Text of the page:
I'm sure you all know what fractals look like, but a few pretty pictures never hurt anyone:
Isn't that cool? The key thing about fractals is that if you look at just a small part of it, it resembles the whole thing. For instance, the following picture was obtained by zooming in on the upper left tail of the previous one:
One of the original "big ideas" of complex systems is that fractal patterns seem to appear spontaneously in nature and in human society. Let's look at some examples:
Physical Systems: Pop quiz: is this picture a close-up of a rock you could hold in your hand, or wide shot of a giant cliff face?
I don't know what the answer is. Without some point of reference it's very hard to determine the scale because rocks are fractal: small parts of them look like the whole.
Other examples in physical systems include turbulence (small patches of bumpy air look like large patches) and coastlines (think Norway). These two examples in particular inspired Benoit Mandelbrot to give fractals their name and begin their mathematical exploration.
Biological Systems: Here's an example you're probably familiar with:
And one you probably aren't:
The first was a fern, the second was a vegetable called a chou Romanesco, which has to be the coolest vegetable I've ever seen.
In the case of these living systems, there's a simple reason why you see fractals: they are grown from cells following simple rules. The fern, for example, first grows a single stalk with leaves branching out. These leaves follow the same rule and grow their own leaves, and so on.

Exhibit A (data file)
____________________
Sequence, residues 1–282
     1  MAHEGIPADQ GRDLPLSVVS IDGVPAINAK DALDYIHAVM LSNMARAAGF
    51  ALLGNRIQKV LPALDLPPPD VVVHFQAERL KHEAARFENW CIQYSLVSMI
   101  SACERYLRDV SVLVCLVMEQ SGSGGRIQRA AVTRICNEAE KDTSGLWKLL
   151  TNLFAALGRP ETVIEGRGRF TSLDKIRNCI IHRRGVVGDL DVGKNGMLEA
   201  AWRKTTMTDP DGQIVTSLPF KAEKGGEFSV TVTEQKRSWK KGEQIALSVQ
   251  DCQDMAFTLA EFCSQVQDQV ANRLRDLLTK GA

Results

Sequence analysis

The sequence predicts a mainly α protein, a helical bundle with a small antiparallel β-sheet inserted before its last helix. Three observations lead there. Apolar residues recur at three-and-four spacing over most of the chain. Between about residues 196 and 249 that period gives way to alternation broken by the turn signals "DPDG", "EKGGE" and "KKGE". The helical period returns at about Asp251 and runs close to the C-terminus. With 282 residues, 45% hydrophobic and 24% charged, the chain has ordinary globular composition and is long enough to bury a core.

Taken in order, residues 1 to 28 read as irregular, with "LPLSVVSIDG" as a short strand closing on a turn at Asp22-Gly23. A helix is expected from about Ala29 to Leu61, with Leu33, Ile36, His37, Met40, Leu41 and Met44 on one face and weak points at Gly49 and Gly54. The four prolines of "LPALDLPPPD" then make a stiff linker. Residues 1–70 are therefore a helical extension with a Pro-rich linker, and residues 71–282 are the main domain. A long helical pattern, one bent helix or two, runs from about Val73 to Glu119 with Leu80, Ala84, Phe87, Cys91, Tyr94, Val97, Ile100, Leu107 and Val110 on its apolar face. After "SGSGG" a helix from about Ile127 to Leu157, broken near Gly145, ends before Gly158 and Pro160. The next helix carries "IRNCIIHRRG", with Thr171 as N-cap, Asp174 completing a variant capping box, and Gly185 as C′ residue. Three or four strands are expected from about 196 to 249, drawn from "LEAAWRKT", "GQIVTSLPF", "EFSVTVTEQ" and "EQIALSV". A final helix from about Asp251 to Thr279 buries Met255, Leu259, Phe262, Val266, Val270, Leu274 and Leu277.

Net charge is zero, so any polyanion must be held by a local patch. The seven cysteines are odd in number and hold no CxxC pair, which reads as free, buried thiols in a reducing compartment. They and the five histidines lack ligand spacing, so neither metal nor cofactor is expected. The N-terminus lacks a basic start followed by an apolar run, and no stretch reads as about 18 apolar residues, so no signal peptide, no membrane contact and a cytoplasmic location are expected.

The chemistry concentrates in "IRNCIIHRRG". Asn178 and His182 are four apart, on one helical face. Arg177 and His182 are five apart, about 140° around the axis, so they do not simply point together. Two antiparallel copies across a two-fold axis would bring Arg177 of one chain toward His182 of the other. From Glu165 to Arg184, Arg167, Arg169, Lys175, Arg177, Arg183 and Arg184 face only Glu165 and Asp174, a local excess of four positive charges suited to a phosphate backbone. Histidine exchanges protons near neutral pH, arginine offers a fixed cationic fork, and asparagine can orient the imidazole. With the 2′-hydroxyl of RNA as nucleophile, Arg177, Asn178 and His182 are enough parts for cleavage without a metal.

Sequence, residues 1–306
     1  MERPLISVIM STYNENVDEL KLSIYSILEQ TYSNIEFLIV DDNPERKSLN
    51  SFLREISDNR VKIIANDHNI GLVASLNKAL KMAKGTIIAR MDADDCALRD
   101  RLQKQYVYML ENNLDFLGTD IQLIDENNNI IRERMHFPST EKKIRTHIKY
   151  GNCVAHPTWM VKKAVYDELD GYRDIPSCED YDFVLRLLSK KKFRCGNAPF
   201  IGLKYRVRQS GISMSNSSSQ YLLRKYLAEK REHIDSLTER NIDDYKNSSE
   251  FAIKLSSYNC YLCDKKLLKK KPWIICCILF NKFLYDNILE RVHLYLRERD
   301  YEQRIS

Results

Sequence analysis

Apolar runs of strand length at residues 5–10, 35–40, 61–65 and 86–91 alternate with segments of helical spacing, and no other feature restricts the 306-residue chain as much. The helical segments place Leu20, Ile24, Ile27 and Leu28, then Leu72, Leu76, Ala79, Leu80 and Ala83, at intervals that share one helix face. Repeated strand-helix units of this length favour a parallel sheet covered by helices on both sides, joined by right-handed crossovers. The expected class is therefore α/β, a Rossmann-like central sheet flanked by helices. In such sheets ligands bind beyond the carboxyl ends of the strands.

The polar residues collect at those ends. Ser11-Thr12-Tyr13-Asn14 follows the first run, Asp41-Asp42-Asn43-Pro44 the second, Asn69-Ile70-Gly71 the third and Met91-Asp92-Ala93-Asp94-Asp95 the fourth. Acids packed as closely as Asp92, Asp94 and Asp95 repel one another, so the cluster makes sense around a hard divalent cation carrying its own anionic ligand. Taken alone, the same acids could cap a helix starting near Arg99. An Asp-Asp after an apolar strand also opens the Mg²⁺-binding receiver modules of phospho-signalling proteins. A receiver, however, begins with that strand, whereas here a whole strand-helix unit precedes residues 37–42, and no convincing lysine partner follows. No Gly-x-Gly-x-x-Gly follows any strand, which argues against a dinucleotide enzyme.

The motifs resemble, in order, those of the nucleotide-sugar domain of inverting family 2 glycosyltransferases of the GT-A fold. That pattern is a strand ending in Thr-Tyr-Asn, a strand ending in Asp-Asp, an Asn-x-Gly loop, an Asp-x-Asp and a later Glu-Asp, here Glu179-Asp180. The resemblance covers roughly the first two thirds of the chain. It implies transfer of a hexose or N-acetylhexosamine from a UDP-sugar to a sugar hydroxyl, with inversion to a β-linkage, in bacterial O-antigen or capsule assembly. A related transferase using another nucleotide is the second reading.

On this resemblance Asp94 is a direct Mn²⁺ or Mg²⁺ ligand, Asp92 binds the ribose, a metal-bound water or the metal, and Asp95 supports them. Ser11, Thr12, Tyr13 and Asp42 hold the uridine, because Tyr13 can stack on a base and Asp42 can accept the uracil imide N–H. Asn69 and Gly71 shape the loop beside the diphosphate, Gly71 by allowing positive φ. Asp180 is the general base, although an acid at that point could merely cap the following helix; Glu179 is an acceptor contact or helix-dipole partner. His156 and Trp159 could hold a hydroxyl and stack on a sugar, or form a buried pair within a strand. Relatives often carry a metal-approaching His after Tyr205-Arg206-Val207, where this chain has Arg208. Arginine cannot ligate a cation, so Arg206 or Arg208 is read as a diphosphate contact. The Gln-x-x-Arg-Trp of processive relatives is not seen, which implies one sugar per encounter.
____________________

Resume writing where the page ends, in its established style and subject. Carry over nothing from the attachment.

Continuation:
Of course, the pattern doesn't exist forever. If you zoom in far enough, eventually you see leaves with no branches. This is an important feature of all real-world fractals: there is some minimum scale (e.g. the atomic scale or the cellular scale) at which the fractal pattern breaks down.
Social Systems: Some people like to extend this reasoning to the social realm, arguing that individuals form families, which form communities and corporations, which form cities, nations and so on. You can try to draw parallels between behavior at the nation level or the corporation level to behavior at the human level.
Personally, I'm a little dubious on this argument. My doubts stem partly from my personal observation that humans seem to act morally on an individual scale, but that corporations on the whole behave far worse than individuals. I think there's something fundamentally different about the centralized decision-making process of a human, and the more decentralized process of a corporation. But this is all my personal opinion. Feel free to debate me on it.
Kurt Gödel's Open World
1 day ago in The Curious Wavefunction